Saturday, January 17, 2009

Just what IS a species, anyway?

The title of this post might suggest to you that I'm about to launch into a philosophical discussion of species concepts. That's an interesting topic but not exactly what I have in mind. Even Darwin didn't know what a species was, and he identified dozens and dozens of barnacle species (but he missed the pink iguana [PNAS] [photo]). In Origin, he just settled for saying that naturalists knew what they meant when they used the term. Historically, there's kind of two ways that people have thought about species. On the one hand, the experiments of Francesco Redi really focused attention on the idea that species are reproductively defined. On the other, Linnaeus' work emphasized the idea of immutable units of creation. Obviously, the modern biological species concept follows the reproductive idea, and Linnaeus' idea of species fixity has been all but abandoned (even by me).

Baramins throw a monkey wrench into questions of species. If, as I believe, baramins are the fixed created units that Linnaeus was looking for, then what exactly are species? To put it another way, why have discrete species at all? Why not just have one extremely (and I do mean extremely) variable species per baramin? I wish I knew. I'm sure the answer to this question is not difficult and will appear quite obvious when someone discovers it. In the meantime, though, we can ponder a somewhat simpler question: How do species originate?

From an evolutionary perspective, species originate when two populations of one species become reproductively isolated. The kind of adaptive or morphological characteristics that we casually use to differentiate species can originate coincident with reproductive isolation or some time later. To a creationist who believes in rapid speciation after the Flood, the question of morphological adaptation must be caused by designed changes. Those changes can't be just random. So where does reproductive isolation come from? Is it part of the adaptation process, intended to keep the discrete species separate, even within the same baramin? Or is it merely something incidental that just happens by chance?

Given the widespread occurrence of interspecific hybridization (especially in angiosperms), I tend to suspect that reproductive isolation is just incidental. If keeping the species of a baramin discrete and separate was important, then it stands to reason that reproductive isolation would be strong. Instead, it seems that species are capable of interbreeding, but they don't. Or if they do, sometimes the hybrid offspring are sterile and sometimes they're fertile. That just seems more like a random change than something that was intended.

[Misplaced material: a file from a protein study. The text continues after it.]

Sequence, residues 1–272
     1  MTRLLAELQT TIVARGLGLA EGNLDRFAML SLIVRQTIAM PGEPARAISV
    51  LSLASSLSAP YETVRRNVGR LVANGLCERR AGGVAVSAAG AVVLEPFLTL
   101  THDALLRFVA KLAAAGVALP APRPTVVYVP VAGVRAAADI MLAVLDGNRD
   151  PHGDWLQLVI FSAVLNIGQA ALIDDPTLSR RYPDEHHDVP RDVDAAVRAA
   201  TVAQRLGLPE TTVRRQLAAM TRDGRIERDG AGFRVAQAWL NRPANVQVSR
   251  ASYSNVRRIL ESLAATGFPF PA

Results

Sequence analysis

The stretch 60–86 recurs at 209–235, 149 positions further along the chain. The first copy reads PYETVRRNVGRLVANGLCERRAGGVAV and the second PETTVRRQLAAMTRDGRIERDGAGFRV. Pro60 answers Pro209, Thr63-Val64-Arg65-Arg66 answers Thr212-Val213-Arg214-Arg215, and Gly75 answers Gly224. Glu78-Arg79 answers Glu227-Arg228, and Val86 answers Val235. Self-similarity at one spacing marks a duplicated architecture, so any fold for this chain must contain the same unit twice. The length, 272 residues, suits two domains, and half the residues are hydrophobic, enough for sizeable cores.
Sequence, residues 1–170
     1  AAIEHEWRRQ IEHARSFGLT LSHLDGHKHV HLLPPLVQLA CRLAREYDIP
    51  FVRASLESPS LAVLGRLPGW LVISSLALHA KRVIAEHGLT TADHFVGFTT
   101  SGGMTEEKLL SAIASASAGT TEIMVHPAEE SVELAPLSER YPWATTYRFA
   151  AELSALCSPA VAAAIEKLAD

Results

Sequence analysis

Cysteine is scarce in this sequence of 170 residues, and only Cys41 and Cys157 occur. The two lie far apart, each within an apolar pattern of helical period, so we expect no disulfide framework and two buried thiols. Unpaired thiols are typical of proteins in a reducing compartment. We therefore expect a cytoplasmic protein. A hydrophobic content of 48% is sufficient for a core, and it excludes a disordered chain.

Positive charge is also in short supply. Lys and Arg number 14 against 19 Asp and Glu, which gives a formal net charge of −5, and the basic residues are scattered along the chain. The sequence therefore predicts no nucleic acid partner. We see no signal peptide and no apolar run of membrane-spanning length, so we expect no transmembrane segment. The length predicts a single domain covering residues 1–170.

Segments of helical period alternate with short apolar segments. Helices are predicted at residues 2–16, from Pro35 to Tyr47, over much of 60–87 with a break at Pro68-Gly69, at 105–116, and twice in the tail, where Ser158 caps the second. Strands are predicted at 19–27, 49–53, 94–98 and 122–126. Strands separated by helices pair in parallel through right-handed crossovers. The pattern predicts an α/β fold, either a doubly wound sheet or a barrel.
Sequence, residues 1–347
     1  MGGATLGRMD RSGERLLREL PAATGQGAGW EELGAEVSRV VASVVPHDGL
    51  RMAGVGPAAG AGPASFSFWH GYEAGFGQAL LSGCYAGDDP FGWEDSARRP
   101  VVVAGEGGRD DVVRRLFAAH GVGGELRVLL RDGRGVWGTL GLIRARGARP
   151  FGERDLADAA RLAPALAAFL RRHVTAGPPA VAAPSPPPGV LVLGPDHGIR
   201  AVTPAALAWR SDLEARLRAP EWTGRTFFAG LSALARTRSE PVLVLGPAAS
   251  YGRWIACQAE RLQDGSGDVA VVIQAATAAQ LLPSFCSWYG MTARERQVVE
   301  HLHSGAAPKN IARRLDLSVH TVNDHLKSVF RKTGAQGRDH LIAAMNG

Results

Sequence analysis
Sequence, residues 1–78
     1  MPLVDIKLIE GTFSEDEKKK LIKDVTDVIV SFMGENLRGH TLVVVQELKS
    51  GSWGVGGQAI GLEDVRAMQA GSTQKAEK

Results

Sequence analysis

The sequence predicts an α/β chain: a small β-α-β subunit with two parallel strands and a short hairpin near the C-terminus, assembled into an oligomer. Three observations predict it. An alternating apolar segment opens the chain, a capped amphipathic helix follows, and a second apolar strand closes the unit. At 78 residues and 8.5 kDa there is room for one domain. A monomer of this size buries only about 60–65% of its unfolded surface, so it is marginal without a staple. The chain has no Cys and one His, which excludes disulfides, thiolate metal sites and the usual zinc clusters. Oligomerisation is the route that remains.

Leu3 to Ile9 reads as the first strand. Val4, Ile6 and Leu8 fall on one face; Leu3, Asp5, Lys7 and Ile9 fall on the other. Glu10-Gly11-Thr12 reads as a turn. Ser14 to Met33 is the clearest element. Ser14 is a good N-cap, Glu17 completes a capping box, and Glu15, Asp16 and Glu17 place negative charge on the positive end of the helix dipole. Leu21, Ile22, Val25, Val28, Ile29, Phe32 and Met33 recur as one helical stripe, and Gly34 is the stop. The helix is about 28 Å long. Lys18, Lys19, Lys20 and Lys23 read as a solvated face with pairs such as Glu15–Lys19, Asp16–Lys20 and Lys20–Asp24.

Two papers in the latest Science may help in unraveling this question. You can read about them in Willis's perspective article or in the original research articles (Mihola et al. and Phadnis and Orr). I'm not going to discuss the research findings in detail. You can read any of those three articles for that information. What intrigues me about the articles is that they trace hybrid sterility to single genes (one in mouse, one in Drosophila). The genes appear to be unrelated, and they work by different mechanisms.

I really like that. It fits well with the idea that reproductive isolation is just something that sort of happened. Not necessarily contrary to the Creator's plan, but not something that was specially endowed either. Adaptation, methinks, is the real key to understanding the post-Flood diversification of species within baramins. It will be interesting to follow these discoveries to see what kind of molecular evolution has brought about hybrid sterility.

Willis, JH. 2009. Origin of species in overdrive. Science 323:350-351.

Mihola, O, Trachtulec, Z, Vlcek, C, Schimenti, JC, and Forejt, J. 2009. A mouse speciation gene encodes a meiotic histone H3 methyltransferase. Science 323:373-375.

Phadnis, N and Orr, HA. 2009. A single gene causes both male sterility and segregation distortion in Drosophila hybrids. Science 323:376-379.